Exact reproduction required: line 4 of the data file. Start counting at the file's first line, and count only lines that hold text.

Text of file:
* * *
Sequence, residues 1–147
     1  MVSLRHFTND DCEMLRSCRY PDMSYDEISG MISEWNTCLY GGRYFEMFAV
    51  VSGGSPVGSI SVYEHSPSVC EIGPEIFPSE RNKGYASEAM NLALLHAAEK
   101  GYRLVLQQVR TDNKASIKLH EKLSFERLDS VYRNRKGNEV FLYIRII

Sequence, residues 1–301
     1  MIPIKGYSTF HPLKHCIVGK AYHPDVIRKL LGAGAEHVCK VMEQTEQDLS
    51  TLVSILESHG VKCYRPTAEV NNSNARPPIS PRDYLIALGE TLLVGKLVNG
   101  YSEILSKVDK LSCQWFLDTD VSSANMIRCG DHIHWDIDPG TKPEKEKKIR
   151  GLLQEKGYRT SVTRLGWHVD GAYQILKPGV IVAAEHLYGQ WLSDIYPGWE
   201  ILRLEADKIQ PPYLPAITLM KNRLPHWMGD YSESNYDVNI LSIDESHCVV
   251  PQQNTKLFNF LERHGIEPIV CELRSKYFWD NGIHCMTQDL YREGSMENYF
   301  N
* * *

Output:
   101  GYRLVLQQVR TDNKASIKLH EKLSFERLDS VYRNRKGNEV FLYIRII